April 8, 2022 - ESG and Climate News
How F^&*ed are we?
This week began with another report from the Intergovernmental Panel on Climate Change (IPCC). This was their third installment of the sixth assessment report - and, yes, it can be confusing to keep up with the cadence of these reports. A meme floating around social media all week boiled it down this way:
IPCC 1 - what f^&*ed it?
IPCC 2 - exactly how f^&*ed is it?
IPCC 3 - how do we unf^&*k it?
On a more serious note, the report is a damning assessment of how global mitigation pledges fall short of the progress required to avoid the worst effects of climate change. UN Secretary General António Guterres called the report “a litany of broken climate promises” saying that “some government & business leaders are saying one thing, but doing another. Simply put, they are lying.”
Backing up his greenwash rhetoric, Guterres announced an expert group to help organizations “walk the talk” by creating better standardization around net-zero goals and speeding up implementation.
The heat is on
The report concluded that current policies put the world on track for warming within a range of 2.3C to just above 4C by 2100, with the consensus at 3C. If countries meet their current nationally determined contributions (NDCs) for 2030 under the Paris Agreement it would shave a few tenths of a degree off future warming – but a large gap remains between 2030 commitments and the magnitude of emissions reductions needed to put the world on track for below 2C or 1.5C warming by 2100.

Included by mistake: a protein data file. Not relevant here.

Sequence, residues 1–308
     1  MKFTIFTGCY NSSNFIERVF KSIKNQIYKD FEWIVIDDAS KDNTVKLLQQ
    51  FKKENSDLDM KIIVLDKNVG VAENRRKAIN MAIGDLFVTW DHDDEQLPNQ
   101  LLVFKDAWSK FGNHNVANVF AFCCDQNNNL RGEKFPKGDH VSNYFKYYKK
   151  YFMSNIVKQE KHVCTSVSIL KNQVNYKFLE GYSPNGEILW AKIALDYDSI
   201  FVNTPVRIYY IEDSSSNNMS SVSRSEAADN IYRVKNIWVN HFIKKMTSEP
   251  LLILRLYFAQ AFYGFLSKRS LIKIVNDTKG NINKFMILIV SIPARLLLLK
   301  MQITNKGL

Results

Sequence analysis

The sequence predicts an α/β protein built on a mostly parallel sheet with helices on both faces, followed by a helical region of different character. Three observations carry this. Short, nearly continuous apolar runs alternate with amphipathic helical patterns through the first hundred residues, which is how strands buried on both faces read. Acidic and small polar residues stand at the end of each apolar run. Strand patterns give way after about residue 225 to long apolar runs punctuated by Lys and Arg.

The good news is this report tells us how we can get out of this mess. Nearly all scenarios that limit warming below 2C rely on some degree of carbon dioxide removal (CDR) technology to accelerate the pace of emissions reductions, to offset residual emissions, and to provide the option for net negative CO2 emissions in case global temperatures need to be brought back down.
Climate concerns overshadowed
Highlighting the harsh global situation, on the same day as the IPCC release, Jamie Dimon, CEO of JP Morgan, released an open letter calling for an “immediate approval for additional oil leases and gas pipelines.” With soaring fuel prices adding to pandemic-fueled inflation and the ongoing war in Ukraine, there is an increasingly unstable political environment that has pushed climate concerns down the list of priorities.
Similar to what happened with the COP26 final report, the IPCC wording was changed at the last minute and a section of the report critical of the oil and gas industry’s ‘climate blocking activities’ was cut from the final draft. Reportedly, Saudi officials and big oil companies pushed the watered down language about fossil fuels.
Missed last week's ESG & Climate News? Check it out now and stay in the know: April 1, 2022.
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